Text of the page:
@DeRSSS: Um... Sorry. No he didn't. He wasn't <i>with</i> Apple between 1986 and 1996 until Apple bought his NeXt company and brought him back in. By then, the three former CEOs had done all the damage they could to the company.
      • RE: Did Apple launch an enterprise Trojan Horse?

      • s like

    • RE: Did Apple launch an enterprise Trojan Horse?

      @Jamie Oswald Apple doesn't have any offerings for enterprises (outside of exchange compatibility).

      Exchange functionality was never that great, and is in iCloud already - but Apple isn't going to give you the servers to run your own iCloud and for that reason businesses that want to control their own data can't use it.

      I work for a large corporation now (company got acquired) and it's amazing how inefficient their IT is. It's so inefficient they lose thousands of man hours every year on it. But they trudge on, and they control their own data, and they make it all reasonably secure.

      In order for such a business to switch to Macs, there'd have to be a vendor who offers a complete solution for all these shitty corporate apps and whatnot. Apple is clearly not interested - too busy dominating the rest of the world.
      • RE: Did Apple launch an enterprise Trojan Horse?

        @orthorim That said... one ominous sign is corporate apps - Apple has made it very easy, and very secure, to deploy corporate apps on iOS devices. It's actually a model implementation, and leaps and bounds better than anything available on the PC or Mac.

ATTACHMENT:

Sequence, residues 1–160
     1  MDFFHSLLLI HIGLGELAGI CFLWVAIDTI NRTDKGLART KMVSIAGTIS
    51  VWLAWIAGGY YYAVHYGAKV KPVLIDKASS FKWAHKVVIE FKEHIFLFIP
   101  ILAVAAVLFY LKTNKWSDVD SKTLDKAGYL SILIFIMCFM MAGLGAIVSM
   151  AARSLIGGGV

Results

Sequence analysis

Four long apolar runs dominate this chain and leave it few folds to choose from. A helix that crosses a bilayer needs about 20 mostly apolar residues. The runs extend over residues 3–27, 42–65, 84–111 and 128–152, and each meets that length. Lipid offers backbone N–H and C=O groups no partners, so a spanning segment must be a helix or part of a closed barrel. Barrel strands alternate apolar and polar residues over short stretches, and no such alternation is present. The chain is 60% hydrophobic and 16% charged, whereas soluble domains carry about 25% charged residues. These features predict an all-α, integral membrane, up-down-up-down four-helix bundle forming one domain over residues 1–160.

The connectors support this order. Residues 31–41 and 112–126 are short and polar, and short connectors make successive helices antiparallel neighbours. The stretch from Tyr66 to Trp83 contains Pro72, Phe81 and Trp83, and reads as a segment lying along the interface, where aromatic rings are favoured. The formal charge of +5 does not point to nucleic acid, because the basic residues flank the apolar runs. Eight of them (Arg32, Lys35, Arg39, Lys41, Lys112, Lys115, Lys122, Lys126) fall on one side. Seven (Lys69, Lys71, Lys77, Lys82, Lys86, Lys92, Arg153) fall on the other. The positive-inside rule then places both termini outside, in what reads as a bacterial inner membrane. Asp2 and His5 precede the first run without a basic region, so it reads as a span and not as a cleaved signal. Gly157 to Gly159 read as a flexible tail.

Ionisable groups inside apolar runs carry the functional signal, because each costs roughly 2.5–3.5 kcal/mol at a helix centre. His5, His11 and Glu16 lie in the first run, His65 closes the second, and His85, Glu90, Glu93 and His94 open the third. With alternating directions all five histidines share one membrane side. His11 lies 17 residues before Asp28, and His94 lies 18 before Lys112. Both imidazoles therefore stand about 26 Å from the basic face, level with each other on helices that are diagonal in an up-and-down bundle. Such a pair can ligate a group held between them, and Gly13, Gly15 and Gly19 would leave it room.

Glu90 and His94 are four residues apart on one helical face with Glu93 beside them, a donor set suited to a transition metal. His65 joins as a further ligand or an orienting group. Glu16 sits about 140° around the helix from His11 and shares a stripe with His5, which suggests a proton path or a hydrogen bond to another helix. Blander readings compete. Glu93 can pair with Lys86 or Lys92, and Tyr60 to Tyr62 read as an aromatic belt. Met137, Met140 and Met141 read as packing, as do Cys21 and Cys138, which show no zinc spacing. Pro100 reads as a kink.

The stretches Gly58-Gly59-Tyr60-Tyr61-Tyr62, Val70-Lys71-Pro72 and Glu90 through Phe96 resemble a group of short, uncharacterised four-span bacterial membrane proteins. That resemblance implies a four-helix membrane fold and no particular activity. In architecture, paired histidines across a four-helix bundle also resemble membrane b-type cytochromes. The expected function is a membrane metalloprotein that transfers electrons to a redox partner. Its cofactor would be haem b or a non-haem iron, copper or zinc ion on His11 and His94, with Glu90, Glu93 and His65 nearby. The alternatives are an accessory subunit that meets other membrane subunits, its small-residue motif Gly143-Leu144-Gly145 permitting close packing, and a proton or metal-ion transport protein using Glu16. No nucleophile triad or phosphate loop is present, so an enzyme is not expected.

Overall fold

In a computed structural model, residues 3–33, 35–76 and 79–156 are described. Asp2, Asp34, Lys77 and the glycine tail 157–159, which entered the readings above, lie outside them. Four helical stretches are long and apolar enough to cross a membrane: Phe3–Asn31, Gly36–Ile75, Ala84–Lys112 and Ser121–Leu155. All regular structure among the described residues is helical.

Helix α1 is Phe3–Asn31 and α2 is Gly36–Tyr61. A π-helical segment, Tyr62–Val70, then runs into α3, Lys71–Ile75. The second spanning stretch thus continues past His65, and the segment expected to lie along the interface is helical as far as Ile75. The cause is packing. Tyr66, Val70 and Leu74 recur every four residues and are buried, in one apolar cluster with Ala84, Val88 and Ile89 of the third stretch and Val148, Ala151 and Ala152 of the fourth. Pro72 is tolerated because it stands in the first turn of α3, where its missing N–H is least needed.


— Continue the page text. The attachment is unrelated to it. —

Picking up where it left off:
Corporate IT has complete control over all their iDevices. They can remote wipe them, they control apps that go on them, and they can push new corporate apps onto them and they can be sure those can't be used by anyone else. It's pretty tight.
      • RE: Did Apple launch an enterprise Trojan Horse?

        You might want to look at Apple's site for OS X Lion Server - $49 this July. Supports all of the iCal/mail/file sharing of the iCloud in an enterprise package.
      • RE: Did Apple launch an enterprise Trojan Horse?

        @orthorim - maybe so but those millions of small businesses must look awfully tempting
      • &quot;millions of small businesses must look awfully tempting&quot;

        @dahowlett That's surely the only part of the "enterprise" that Apple is really interested in. Apple tried the whole VAR/sales channel/Enterprise account years ago, and it was awful. The margins are crappy, the sales cycle is a pain, and big clients/vendors like to have clear roadmaps on future products, which is absolutely anathema to Apple.